Hardware Software Co-Design: Not Just a Cliché - PDF

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Hardware Software Co-Design: Not Just a Cliché Adrian Sampson, James Bornholt, and Luis Ceze University of Washington, US Abstract The age of the air-tight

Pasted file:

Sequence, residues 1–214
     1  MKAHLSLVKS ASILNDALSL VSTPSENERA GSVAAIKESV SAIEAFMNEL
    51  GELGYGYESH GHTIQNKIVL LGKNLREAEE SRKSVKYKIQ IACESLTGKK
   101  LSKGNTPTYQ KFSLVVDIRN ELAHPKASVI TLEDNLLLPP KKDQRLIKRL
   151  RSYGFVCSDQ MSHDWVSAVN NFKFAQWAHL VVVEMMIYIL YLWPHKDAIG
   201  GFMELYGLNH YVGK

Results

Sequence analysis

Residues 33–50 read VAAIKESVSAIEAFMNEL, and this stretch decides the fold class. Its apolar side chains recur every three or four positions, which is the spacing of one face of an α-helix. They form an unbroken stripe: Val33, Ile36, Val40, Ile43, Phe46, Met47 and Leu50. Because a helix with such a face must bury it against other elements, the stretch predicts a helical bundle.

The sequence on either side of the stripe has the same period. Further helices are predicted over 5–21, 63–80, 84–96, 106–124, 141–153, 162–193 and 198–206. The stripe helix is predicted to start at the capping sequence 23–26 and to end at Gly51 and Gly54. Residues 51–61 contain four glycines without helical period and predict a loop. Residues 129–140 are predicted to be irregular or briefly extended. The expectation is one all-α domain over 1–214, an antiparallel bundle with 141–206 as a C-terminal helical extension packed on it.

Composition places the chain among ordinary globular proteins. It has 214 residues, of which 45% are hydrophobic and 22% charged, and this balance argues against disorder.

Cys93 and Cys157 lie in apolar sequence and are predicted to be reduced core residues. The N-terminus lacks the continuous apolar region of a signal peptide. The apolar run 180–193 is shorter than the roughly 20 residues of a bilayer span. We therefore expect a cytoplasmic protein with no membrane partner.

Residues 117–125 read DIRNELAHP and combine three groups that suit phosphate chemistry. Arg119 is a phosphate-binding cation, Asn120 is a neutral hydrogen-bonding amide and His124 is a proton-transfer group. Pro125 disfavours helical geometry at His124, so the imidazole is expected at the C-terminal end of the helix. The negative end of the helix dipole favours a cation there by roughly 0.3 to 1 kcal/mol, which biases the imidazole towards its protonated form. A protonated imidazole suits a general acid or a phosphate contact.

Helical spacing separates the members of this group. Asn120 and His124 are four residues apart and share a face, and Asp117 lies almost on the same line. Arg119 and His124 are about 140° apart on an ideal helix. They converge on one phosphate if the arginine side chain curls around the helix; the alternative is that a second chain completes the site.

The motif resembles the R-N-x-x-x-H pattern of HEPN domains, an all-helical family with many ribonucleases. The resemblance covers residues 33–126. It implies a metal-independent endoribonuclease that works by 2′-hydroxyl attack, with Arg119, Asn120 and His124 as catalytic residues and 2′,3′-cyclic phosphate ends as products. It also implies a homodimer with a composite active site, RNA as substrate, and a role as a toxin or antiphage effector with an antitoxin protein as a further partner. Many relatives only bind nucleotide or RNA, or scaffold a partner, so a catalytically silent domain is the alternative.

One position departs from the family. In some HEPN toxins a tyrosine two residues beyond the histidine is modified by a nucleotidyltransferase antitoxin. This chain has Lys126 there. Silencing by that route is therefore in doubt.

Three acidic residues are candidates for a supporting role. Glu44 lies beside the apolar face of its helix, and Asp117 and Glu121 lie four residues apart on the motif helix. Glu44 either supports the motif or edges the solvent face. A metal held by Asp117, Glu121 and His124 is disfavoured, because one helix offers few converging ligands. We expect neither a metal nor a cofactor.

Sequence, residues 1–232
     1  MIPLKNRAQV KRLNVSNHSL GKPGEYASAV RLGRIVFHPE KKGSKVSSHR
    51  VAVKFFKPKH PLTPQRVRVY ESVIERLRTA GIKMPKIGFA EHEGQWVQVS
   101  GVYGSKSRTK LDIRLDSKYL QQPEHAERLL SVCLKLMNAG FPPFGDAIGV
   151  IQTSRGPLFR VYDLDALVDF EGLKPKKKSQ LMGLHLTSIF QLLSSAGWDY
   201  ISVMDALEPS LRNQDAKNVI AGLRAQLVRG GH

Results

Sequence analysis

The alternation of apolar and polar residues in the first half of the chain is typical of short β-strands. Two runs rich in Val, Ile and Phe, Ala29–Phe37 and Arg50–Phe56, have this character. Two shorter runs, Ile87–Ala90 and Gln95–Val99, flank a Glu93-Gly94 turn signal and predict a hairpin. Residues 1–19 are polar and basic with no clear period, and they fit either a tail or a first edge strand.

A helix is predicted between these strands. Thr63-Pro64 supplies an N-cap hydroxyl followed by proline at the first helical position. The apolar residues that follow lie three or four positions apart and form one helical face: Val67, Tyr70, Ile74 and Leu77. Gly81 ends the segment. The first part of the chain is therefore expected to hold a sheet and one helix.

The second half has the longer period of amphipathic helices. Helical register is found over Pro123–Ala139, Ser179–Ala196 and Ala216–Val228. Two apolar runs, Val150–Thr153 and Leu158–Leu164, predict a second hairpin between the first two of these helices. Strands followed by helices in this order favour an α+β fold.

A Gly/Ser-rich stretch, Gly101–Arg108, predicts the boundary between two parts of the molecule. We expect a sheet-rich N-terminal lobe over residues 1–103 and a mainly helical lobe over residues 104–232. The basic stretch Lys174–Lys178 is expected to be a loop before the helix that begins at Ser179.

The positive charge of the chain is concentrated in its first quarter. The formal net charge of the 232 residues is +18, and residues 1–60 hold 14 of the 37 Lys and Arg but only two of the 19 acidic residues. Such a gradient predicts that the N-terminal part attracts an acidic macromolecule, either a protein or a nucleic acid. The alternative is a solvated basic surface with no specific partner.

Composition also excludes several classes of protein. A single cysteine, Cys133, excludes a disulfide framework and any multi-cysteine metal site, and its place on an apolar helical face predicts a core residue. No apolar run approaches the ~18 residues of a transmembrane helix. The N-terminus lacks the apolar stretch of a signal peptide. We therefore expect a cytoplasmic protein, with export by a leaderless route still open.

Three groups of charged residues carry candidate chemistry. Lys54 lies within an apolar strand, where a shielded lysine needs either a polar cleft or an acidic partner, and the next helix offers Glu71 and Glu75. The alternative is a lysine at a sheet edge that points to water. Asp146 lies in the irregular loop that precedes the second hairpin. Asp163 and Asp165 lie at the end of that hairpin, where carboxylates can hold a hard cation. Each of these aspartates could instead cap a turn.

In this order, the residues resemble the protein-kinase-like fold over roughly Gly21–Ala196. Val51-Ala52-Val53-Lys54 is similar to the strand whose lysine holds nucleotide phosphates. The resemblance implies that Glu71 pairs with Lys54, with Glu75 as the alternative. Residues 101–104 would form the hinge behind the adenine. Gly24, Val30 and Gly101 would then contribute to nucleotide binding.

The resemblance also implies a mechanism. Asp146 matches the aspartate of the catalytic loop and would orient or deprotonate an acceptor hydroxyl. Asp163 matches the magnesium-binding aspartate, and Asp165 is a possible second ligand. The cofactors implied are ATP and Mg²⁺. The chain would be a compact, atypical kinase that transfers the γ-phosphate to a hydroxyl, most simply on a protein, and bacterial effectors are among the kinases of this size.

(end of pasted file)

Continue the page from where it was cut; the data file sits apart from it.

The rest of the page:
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Hardware Software Co-Design: Not Just a Cliché Adrian Sampson, James Bornholt, and Luis Ceze University of Washington, US Abstract The age of the air-tight hardware abstraction is over. As the computing ecosystem moves beyond the predictable yearly advances of Moore s Law, appeals to familiarity and backwards compatibility will become less convincing: fundamental shifts in abstraction and design will look more enticing. It is time to embrace hardware software co-design in earnest, to cooperate between programming languages and architecture to upend legacy constraints on computing. We describe our work on approximate computing, a new avenue spanning the system stack from applications and languages to microarchitectures. We reflect on the challenges and successes of approximation research and, with these lessons in mind, distill opportunities for future hardware software co-design efforts ACM Subject Classification C.5 Computer System Implementation Keywords and phrases approximation, co-design, architecture, verification Digital Object Identifier /LIPIcs.SNAPL Introduction Generations of computer scientists and practitioners have worked under the assumption that computers will keep improving themselves: just wait a few years and Moore s Law will solve your scaling problems. This reliable march of electrical-engineering progress has sparked revolutions in the ways humans use computers and interact with the world and each other. But growth in computing power has protected outdated abstractions and encouraged layering even more abstractions, whatever the cost. The free lunch seems to be over: single-thread performance has stagnated, Dennard scaling has broken down, and Moore s Law threatens to do the same. The shift to multi-core designs worked as a stopgap in the final years of frequency advancements, but physical limits have dashed hopes of long-term exponential gains through parallelism. Hardware software co-design presents significant performance and efficiency opportunities that are unavailable without crossing the abstraction gap. For example, embedded systems depended on co-design from their inception. The embedded domain uses software for flexibility while specialized hardware delivers performance. General-purpose computing features many hardware extensions employed to better serve software virtual memory, ISA extensions for security, and so on. While these mechanisms have been successful, they are ad hoc responses to trends in software design. Hybrid hardware software research cannot just be a cliché: now more than ever, true cooperation is crucial to improving the performance and efficiency of future computing systems. Over the past five years, our research group has been exploring approximate computing, a classic example of a hardware software co-design problem. Approximate computing trades accuracy for performance or efficiency, exploiting the fact that many applications are robust to some level of imprecision. Our experience has shown that neither software nor hardware alone can unlock the full potential of approximation; optimal solutions require co-design Adrian Sampson, James Bornholt, and Luis Ceze; licensed under Creative Commons License CC-BY 1st Summit on Advances in Programming Languages (SNAPL 15). Eds.: Thomas Ball, Rastislav Bodík, Shriram Krishnamurthi, Benjamin S. Lerner, and Greg Morrisett; pp Leibniz International Proceedings in Informatics Schloss Dagstuhl Leibniz-Zentrum für Informatik, Dagstuhl Publishing, Germany A. Sampson, J. Bornholt, and L. Ceze 263 between programming models and hardware accelerators or ISA extensions. We discuss our experience with approximate computing and highlight lessons for future co-design efforts. We believe we can go much further by truly designing hardware and software in unison. We survey the opportunities for hardware software co-design in four broad categories. The first is effective hardware acceleration, where the best algorithm for general-purpose hardware and the best custom hardware for generic algorithms both fall short. For example, the Anton [12] special machine for molecular dynamics, co-designed a simulation algorithm with the hardware. The second category is reducing redundancy and reassigning responsibilities. For example, if all programs were guaranteed to be free of memory bugs, can we drop support for memory protection? Or if programs were free of data-races by construction, can we rethink cache coherence? The third category is hardware support for domain-specific languages, whose booming popularity democratizes programming by providing higher-level semantics and tooling, but today must still compile to low-level general-purpose hardware. The final category is research beyond the CPU: unexplored opportunities abound for hardware software cooperation in networks, memory, storage, and less glamorous parts of computer hardware such as power supplies. 2 Approximate Computing For the last five years, our group has explored one instance of a hardware software co-design opportunity: approximate computing. The idea is that current abstractions in computer systems fail to incorporate an important dimension of the application design space: not every application needs the same degree of accuracy all the time. These applications span a wide range of domains including big-data analytics, web search, machine learning, cyber-physical systems, speech and pattern recognition, augmented reality, and many more. These kinds of programs can tolerate unreliable and inaccurate computation, and approximate computing research shows how to exploit this tolerance for gains in performance and efficiency [1, 7, 10, 11, 25, 26, 28, 30, 35]. Approximate computing is a classic cross-cutting concern: its full potential is not reachable through software or hardware alone, but only through changing the abstractions and contracts between hardware and software. Advances in approximation require co-design between architectures that expose accuracy efficiency trade-offs and the programming systems that make those trade-offs useful for programmers. We have explored projects across the entire system stack from programming languages and tools down through the hardware that enable computer systems to trade off accuracy of computation, communication, and storage for gains in efficiency and performance. Our research direction spans languages [38], runtime systems, programmer tools including debuggers [36], compilers [41], synthesis tools for both software and hardware, microarchitecture [13], hardware techniques [43, 29], data stores [40], and communication services. Safety and Quality-of-Results A core requirement in writing programs with approximate components is safety: approximate components must not compromise safe execution (e.g., no uncontrolled jumps or critical data corruption) and must interact with precise components only in well-defined ways allowed by the programmer. Our work met this need with language support in the form of type qualifiers for approximate data and type-based static information-flow tracking [38]. Other work from MIT consists of a proof system for deriving safety guarantees in the face of unreliable S N A P L 264 Hardware Software Co-Design: Not Just a Cliché components [5]. These crucial safety guarantees allow systems to prove at compile time that approximation cannot introduce catastrophic failures into otherwise-good programs. Beyond safety, another key requirement is ways to specify and ensure acceptable quality-ofresults (QoR). Languages must enable programmers to declare the magnitude of acceptable approximation in multiple forms and granularities. For example, QoR can be set for a specific value (X should be at most Y% from its value in a fully precise execution), or one could attach QoR to a set of values (at most N values in a set can be in error). One can provide a QoR specification only for the final output of a program or for intermediate values. QoR specifications can then guide the compiler and runtime to choose and control the optimal approximate execution engine from a variety of software and hardware approximation mechanisms. While quality constraints are more general and therefore more difficult to enforce statically than safety requirements, initial tactics have seen success by limiting the kinds of approximation they can work with [41, 6] or by relying on dynamic checks [36, 17]. Approximation Techniques The purpose of allowing approximation is to trade accuracy for energy savings. At the highest level, there are three categories of approximation techniques: algorithmic, compiler/runtime, and hardware. Algorithmic approximation can be achieved by the programmer providing multiple implementations of a given computation and the compiler/runtime choosing among them based on QoR needs. A compiler can generate code for approximate execution by eliding some computations [28] or reducing value precision whenever allowed by the approximation specification. Approximation research has explored several approximate execution techniques with hardware support, among them: compiler-controlled voltage overscaling [13]; using learning-based techniques such as neural networks or synthesis to approximate kernels of imperative programs in a coarse-grain way [14]; adopting analog components for computation [43]; designing efficient storage systems that can lose bits [40]; and extending architecture mechanisms with imprecise modes [27]. While approximation only at the algorithm level together with compiler/runtime support applies to off-the-shelf hardware (and we intend to further explore that space too), our experience has shown that the greatest energy benefit comes from hardware-supported approximation with language/architecture co-design [29]. Tools A final key component for making approximate programming practical is software-development tools. We need tools to help programmers identify approximation opportunities, understand the effect of approximation at the application level, assist with specifying QoR requirements, and help test and debug applications with approximate components. Our first steps in this direction are a debugger and a post-deployment monitoring framework for approximate programs [36]. 2.1 Next Steps in Approximation Controlling Quality The community has allocated more attention to assuring safety of approximate programs than to controlling quality. Decoupling safety from quality has been crucial to enabling progress on that half of the equation [38, 5] but more nuanced quality properties have proven more challenging. We have initial ways to prove and reason about limited probabilistic quality A. Sampson, J. Bornholt, and L. Ceze 265 properties [6, 4, 41], but we still lack techniques that can cope with arbitrary approximation strategies and still produce useful guarantees. We also need ways to measure quality at run time. If approximate programs could measure how accurate they are without too much overhead, they could offer better guarantees to programmers while simultaneously exploiting more aggressive optimizations [17, 36]. But there is not yet a general way to derive a cheap, dynamic quality check for an arbitrary program and arbitrary quality criterion. Even limited solutions to the dynamic-check problem will amplify the benefits of approximation. Defining Quality Any application of approximate computing rests on a quality metric. Even evaluations for papers on approximation need to measure their effectiveness with some accuracy criterion. Unlike traditional criteria energy or performance, for example the right metric for quality is not obvious. It varies per program, per deployment, and even per user. The community does not have a satisfactory way to decide on the right metric for a given scenario: we are so far stuck with guesses. A next step in approximation research should help build confidence that we are using the right quality metrics. We should adopt techniques from software engineering, humancomputer interaction, and application domains like graphics to help gather evidence for good quality metrics. Ultimately, programmers need a sound methodology for designing and evaluating quality metrics for new scenarios. The Right Accelerator Hardware approximation research has fallen into two categories: extensions to traditional architectures [13, 27] and new, discrete accelerators [47, 14]. The former category has yielded simpler programming models, but the fine-grained nature of the model means that efficiency gains have been limited. Coarser-grained, accelerator-oriented approaches have yielded the best results to date. There are still opportunities for co-designing accelerators with programming models that capture the best of both approaches. The next generation of approximate hardware research should co-design an accelerator design with a software interface and compiler workflow that together attack the programmability challenges in approximation: safety and quality. By decoupling approximation from traditional processors, new accelerators could unlock new levels of efficiency while finally making approximate computing palatable hardware vendors. 2.2 Lessons from Approximation Our group s experience with approximate computing as a cross-cutting concern has had both successes and failures. The path through this research has yielded lessons both for approximation research specifically and hardware software co-design generally. The von Neumann Curse When doing approximation at the instruction granularity in a typical von Neumann machine, the data path can be approximate but the control circuitry likely can t. Given that control accounts for about 50% of hardware resources, gains are fundamentally limited to 2, which is hardly enough to justify the trouble. We therefore have more hopes for coarse-grain approximation techniques than fine-grain. S N A P L 266 Hardware Software Co-Design: Not Just a Cliché And that was just an example. Many other promising avenues of our work have fallen afoul of the conflation of program control flow and data flow. For example, if we want to approximate the contents of a register, we need to know whether it represents pixel data amenable to approximation or a pointer, which may be disastrous to approximate. Separation problems are not unique to approximation. Secure systems, for example, could profit from a guarantee that code pointers are never manipulated as raw data. Future explorations of hardware software co-design would benefit from architectural support for separating control flow from data flow. The High Cost of Hardware Design In our work on approximation with neural networks, we achieve the best energy efficiency when we use a custom hardware neural processing unit, or NPU [14, 43]. Our first evaluations of the work used cycle-based architectural simulation, which predicted an average 3 energy savings. Later, we implemented the NPU on an FPGA [29]. On this hardware, we measured an average energy savings of 1.7. The difference is due partially to the FPGA s overhead and clock speed and partially due to the disconnect between simulation and reality. Determining the exact balance would require a costly ASIC design process. Even building the FPGA implementation took almost two years. Hardware software co-design involves an implied imbalance: software is much faster to iterate on than hardware. Future explorations of hardware software co-design opportunities would benefit from more evolution of hardware description languages and simulation tools. We should not have to implement hardware three times first in simulation, second in an HDL for an efficient FPGA implementation, and again for a high-performance ASIC. Trust the Compiler Hybrid hardware software research constantly needs to divide work between the programmer, the compiler, and the hardware. In our experience, a hybrid design should delegate as much as possible to the compiler. For example, the Truffle CPU [13] has dual-voltage SRAM arrays that require every load to match the precision level of its corresponding store. This invariant would be expensive to enforce with per-register and per-cache-line metadata, and it would be unreasonable for programmers to specify manually. Our final design leaves all the responsibility to the compiler, where enforcement is trivial. Relegating intelligence to the compiler comes at a cost in safety: programming to the Truffle ISA directly is dangerous and error-prone. Fortunately, modern programmers rarely write directly to the CPU s hardware interface. Researchers should treat the ISA as a serialization channel between the compiler and architecture not a human interface. Eschewing direct human hardware interaction can pay off in fundamental efficiency gains. 3 Opportunities for Co-Design 3.1 Programming Hardware The vast majority of programming languages research is on languages that target a very traditional notation of programming. Programs must eventually be emitted as a sequence of instructions, meant to be interpreted by processors that will load them from memory and execute them in order. The programming languages and architecture communities should not remain satisfied with this traditional division of labor. The instruction set architecture abstraction imposes limits on the control that programmers can have over how A. Sampson, J. Bornholt, and L. Ceze 267 hardware works, and compatibility concerns limit the creativity of architecture designs. Hybrid hardware software research projects should design new hardware abstractions that violate the constraints of traditional ISAs. Some recent work revived interest in languages for designing hardware and FPGA configurations [3, 31] or applied language techniques to special-purpose hardware like networking equipment [15] and embedded processor arrays [33]. But we can do more. A new story for programmable hardware will require radically new architecture designs, hardware interfaces that expose the right costs and capabilities, programming models that can abstract these interfaces complexity, and careful consideration of the application domains. Rethinking Architectures from the Ground Up The central challenge in designing programmable hardware is finding the right architectural trade-off between reconfigurability and efficiency. Co-design is only possible if we expose more than what current CPUs do, but providing too much flexibility can limit efficiency. Current field-programmable gate arrays (FPGAs) are a prime example that misses the mark today: FPGAs strive for bit-level reconfigurability, and they pay for it in both performance and untenable tool complexity. New architectures will need to carefully choose the granularity of reconfiguration to balance these opposing constraints. Exposing Communication Costs The von Neumann abstraction is computation-centric: the fundamental unit of work is computation. But the costs in modern computers, especially in terms of energy, are increasingly consumed by communication more than computation. New programmable hardware will need to expose abstractions that reflect this inversion in the cost model. Unlike earlier attempts to design processors with exposed communication costs [16], these new abstractions need not be directly comprehensible for humans: we do not need to expect programmers to write this assembly language directly. Instead, we should design abstractions with their software toolchains in mind from the beginning. Managing Complexity New programmable hardware will need to work in concert with programming languages and compiler workflows that can manage their inherent complexity. Crucially, the toolchain will need to balance convenient automation with programmer control. It can be extremely powerful to unleash programmers on the problem of extracting efficiency from hardware, but history has also shown that overly complex programming models do not go mainstream. New toolchains should combi